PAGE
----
New Search Patents Granted December 5, 2006 – Tracking Yahoo’s Buzz

Three new search related patents were granted yesterday at the US Patent and Trademark Office to Yahoo, Google, and IBM.

The Yahoo Patent looks at how to measure the buzz around categories, topics, and terms from their use at the Yahoo Portal. Google’s filing focuses upon matching anchor text to find related documents in different languages. IBM’s document discusses an unstructured information management and a two level searching technique.

Yahoo’s Buzz

This patent had me wondering how Yahoo presently measures trends in topics searched for on their search engine and portal, selected in their directory, and from people’s usage of the many services they offer; and how the company might be analyzing and using that information.

Web site activity monitoring system with tracking by categories and terms Invented by Janet Yoo, Kian-Tat Lim, Stanley Ben Wong, and Elliott Yasnokvsky Assigned to Yahoo US Patent 7,146,416 Granted December 5, 2006 Filed September 1, 2000


A traffic monitor provides statistics of traffic using an activity input for receiving data related to activity on a server system. Events being monitored are binned by topic or term, where the terms are associated with categories. The categories can be a hierarchy of categories and subcategories, with terms being in one or more categories. The categorized events include page views and search requests and the results might be normalized over a field of events and a result output for outputting results of the normalizer as the statistical analyses of traffic.

Google’s Cross Language Information Retrieval

While this patent was originally filed back in 2001, it’s hard to tell if the process it describes is actually in use. If it were, I would expect a few more French language results on a query for “eiffel tower” (without the quotation marks) than I presently receive (no specific language preferences set in my Google preferences). But one search is a pretty small sample size.

Systems and methods for using anchor text as parallel corpora for cross-language information retrieval Invented by Luis Gravano and Monika H. Henzinger Assigned to Google US Patent 7,146,358 Granted December 5, 2006 Filed August 28, 2001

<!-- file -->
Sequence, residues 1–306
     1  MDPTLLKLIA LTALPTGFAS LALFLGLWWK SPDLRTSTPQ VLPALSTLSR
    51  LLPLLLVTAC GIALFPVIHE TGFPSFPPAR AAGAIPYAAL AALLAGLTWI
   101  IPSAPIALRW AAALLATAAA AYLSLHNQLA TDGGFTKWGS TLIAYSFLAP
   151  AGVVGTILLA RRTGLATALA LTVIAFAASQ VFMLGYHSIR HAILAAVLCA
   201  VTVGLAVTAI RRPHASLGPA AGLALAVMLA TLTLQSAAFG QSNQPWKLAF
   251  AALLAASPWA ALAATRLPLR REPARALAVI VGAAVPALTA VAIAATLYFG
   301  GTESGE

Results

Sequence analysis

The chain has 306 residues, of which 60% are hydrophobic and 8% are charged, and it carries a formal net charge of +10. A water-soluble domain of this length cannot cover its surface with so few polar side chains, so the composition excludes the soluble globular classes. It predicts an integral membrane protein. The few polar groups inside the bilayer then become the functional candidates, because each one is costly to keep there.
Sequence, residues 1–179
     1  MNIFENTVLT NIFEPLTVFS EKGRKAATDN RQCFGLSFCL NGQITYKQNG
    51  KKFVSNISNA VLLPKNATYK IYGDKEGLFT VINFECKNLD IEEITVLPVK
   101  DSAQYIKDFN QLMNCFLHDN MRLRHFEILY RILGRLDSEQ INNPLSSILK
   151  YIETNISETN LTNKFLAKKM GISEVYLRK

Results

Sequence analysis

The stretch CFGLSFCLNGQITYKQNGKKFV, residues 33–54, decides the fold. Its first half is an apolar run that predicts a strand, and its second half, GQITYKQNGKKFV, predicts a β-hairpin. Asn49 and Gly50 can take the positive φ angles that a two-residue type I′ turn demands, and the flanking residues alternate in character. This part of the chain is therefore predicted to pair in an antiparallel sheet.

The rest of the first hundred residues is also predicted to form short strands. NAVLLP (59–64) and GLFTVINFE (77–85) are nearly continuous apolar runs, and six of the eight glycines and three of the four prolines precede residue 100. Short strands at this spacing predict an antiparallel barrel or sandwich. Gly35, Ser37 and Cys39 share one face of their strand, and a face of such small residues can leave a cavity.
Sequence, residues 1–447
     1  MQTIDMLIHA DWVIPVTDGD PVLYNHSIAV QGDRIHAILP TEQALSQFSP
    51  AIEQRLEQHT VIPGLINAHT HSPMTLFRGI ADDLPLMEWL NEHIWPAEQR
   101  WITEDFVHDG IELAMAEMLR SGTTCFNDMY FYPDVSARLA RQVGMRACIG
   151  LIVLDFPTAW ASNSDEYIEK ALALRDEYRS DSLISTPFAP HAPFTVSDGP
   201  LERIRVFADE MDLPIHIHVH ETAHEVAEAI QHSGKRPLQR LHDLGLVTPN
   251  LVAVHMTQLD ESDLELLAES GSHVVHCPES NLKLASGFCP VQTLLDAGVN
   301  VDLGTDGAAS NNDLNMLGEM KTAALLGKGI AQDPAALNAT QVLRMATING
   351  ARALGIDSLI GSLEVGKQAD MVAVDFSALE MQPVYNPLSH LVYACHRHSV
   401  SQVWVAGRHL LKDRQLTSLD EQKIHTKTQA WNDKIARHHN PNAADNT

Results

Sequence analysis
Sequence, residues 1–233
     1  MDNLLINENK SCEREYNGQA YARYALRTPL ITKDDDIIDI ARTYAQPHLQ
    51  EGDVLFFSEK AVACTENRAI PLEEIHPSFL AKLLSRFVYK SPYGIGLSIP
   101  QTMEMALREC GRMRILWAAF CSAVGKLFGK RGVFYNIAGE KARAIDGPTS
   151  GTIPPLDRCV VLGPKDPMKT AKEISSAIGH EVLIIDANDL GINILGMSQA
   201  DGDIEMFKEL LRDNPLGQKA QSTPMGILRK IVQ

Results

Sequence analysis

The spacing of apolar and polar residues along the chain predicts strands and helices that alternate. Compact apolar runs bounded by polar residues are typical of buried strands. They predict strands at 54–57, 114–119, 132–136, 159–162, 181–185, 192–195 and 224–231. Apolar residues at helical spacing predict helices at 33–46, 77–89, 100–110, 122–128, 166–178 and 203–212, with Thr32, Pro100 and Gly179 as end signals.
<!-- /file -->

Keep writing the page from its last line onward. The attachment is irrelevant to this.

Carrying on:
A system performs cross-language query translations. The system receives a search query that includes terms in a first language and determines possible translations of the terms of the search query into a second language.

The system also locates documents for use as parallel corpora to aid in the translation by:

(1) locating documents in the first language that contain references that match the terms of the search query and identify documents in the second language;

(2) locating documents in the first language that contain references that match the terms of the query and refer to other documents in the first language and identify documents in the second language that contain references to the other documents; or

(3) locating documents in the first language that match the terms of the query and identify documents in the second language that contain references to the documents in the first language.

The system may use the second language documents as parallel corpora to disambiguate among the possible translations of the terms of the search query and identify one of the possible translations as a likely translation of the search query into the second language.

IBM’s Unstructured Information Management